If you've followed this blog for a while, you may have read my first "Accountability" post. In it I reveal the amount of non mortgage debt we are dealing with. What I didn't mention, is that this is actually the 3rd time I've had to do this. Yes, you read that right, I've paid a large amount of debt off twice before now.

The first time, I came into a large amount of cash after I was injured very badly and nearly killed by a careless motorist. The second time, we used the equity in our house to consolidate a lot of debt. And this time, well I'm not sure most of this debt is actually new. Much of it may well have been floating about before, I'm just aware of it now.

This is something that has come to a head a few times, but on reflection there's a few things I have learnt, and they are these:

You can't change other people. Sometimes you can point them in the right direction and they'll pick up the path and find their own way there, but other times, you have to resign yourself to the fact that it's not going to happen. We've talked and talked and talked about our joint finances, but I'm now resigned to thinking my partner in life is never going to be good with money, so I'm just going to have to accept that, live with it.

When it comes to money, you have to have forgiveness. I read a brilliant article about this recently in the Guardian newspaper here: Marriage Arguments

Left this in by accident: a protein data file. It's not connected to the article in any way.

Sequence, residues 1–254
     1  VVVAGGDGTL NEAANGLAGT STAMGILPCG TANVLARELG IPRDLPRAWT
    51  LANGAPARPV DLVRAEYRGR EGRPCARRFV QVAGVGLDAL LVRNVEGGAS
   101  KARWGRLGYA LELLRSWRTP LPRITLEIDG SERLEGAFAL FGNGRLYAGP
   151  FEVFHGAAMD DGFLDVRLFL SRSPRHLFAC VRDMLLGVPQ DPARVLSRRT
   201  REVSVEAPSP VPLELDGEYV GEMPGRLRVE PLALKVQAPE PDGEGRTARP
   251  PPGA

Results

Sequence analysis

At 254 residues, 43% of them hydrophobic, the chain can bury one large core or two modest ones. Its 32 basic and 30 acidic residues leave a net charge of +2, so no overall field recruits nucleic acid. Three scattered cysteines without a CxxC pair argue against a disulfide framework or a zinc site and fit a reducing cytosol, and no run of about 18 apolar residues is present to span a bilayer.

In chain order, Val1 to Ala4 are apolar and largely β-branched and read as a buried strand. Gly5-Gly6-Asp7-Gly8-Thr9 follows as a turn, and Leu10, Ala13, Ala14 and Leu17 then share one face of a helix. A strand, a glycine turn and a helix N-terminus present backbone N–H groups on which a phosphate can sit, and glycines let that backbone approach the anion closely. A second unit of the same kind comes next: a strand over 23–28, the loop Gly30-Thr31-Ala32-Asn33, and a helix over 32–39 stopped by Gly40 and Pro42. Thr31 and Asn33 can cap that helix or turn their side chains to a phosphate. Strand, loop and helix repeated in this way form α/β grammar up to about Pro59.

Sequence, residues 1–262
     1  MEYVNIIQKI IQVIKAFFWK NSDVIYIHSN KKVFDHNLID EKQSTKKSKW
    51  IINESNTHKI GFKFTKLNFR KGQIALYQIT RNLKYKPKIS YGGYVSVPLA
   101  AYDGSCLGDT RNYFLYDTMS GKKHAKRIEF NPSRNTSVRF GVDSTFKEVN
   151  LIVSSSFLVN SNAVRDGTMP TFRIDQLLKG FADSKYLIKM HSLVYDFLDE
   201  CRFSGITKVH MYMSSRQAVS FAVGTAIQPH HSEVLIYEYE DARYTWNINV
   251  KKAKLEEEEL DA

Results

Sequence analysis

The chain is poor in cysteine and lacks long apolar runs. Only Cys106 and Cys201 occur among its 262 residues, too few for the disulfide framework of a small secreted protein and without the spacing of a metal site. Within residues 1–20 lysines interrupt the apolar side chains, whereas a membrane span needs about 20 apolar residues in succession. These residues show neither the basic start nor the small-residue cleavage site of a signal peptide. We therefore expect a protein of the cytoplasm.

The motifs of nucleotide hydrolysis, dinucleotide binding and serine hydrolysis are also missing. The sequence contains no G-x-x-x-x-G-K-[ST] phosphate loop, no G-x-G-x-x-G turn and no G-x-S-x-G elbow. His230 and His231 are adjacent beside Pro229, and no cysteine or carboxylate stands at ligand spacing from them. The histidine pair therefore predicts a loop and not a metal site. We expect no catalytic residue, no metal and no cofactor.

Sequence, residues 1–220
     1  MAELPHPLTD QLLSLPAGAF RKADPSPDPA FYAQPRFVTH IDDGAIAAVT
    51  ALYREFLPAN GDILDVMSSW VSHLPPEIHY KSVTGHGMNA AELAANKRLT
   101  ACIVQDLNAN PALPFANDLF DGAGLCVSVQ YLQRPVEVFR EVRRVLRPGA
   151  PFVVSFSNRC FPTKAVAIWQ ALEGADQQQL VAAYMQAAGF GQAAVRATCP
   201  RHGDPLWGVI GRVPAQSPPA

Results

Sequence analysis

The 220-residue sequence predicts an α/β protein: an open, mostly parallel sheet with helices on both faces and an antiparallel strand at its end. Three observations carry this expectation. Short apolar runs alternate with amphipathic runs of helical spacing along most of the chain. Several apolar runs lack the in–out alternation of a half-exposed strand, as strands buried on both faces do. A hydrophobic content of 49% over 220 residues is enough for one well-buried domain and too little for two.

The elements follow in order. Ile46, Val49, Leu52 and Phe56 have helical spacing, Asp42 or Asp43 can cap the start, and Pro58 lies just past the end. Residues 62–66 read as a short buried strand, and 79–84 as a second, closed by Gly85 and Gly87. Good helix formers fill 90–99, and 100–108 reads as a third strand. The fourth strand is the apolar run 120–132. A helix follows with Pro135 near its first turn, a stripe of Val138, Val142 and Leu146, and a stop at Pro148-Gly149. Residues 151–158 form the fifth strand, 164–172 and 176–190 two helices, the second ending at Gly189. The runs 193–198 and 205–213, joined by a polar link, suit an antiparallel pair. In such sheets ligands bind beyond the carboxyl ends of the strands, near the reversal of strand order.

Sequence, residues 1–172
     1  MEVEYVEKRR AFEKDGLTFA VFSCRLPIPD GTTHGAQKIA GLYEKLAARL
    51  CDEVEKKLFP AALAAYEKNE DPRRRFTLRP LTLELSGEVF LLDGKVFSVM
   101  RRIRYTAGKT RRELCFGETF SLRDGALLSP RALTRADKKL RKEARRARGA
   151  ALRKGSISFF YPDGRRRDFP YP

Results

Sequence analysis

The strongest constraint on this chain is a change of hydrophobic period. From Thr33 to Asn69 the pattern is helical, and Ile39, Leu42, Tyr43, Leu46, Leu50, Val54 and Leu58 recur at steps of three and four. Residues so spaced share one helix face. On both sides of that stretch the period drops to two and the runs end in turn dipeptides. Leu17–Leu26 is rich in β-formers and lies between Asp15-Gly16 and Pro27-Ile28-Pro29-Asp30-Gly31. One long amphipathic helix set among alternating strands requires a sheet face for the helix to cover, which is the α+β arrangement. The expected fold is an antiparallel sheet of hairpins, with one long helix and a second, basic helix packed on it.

My wife still can't bring herself to be straight with me about money, and I am partly to blame for that. After all, her mistakes were big, and they've multiplied, so I understand why she doesn't want to tell me. It's OK being honest, but when it's thrown back in your face again and again, with a few well chosen barbs thrown in for good measure, it doesn't seem so appealing anymore, so I'm not going to pressure her about it, or continue to bash her over the head with it (metaphorically!), as I have done in the past.

I just have to accept responsibility entirely for this issue and take it out of her hands completely. This also means that if she continually screws up, (which I think she will), I have to find ways to limit the damage she can do, and more importantly, continue to forgive her.

What I've done about it.

As gently as I can, I have basically taken complete control of our finances. How I sold it to her was that I would sort all her debts and keep them off her back so she wouldn't have to worry.

One thing though. Even though her job is part time, and I am the main wage earner, I still insist she contributes an uncomfortable amount to her debt payments. I do not want this to be easy for her, as I want some form of deterrant to prevent a re-occurance of bad money management in the future, and we are slowly making progress.